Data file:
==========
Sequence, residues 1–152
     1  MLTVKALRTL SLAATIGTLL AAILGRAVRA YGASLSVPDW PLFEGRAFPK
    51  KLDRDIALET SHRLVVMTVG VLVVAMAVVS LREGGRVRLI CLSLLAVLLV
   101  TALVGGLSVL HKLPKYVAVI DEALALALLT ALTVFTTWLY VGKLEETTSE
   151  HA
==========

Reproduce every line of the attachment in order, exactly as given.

Sequence, residues 1–152
     1  MLTVKALRTL SLAATIGTLL AAILGRAVRA YGASLSVPDW PLFEGRAFPK
    51  KLDRDIALET SHRLVVMTVG VLVVAMAVVS LREGGRVRLI CLSLLAVLLV
   101  TALVGGLSVL HKLPKYVAVI DEALALALLT ALTVFTTWLY VGKLEETTSE
   151  HA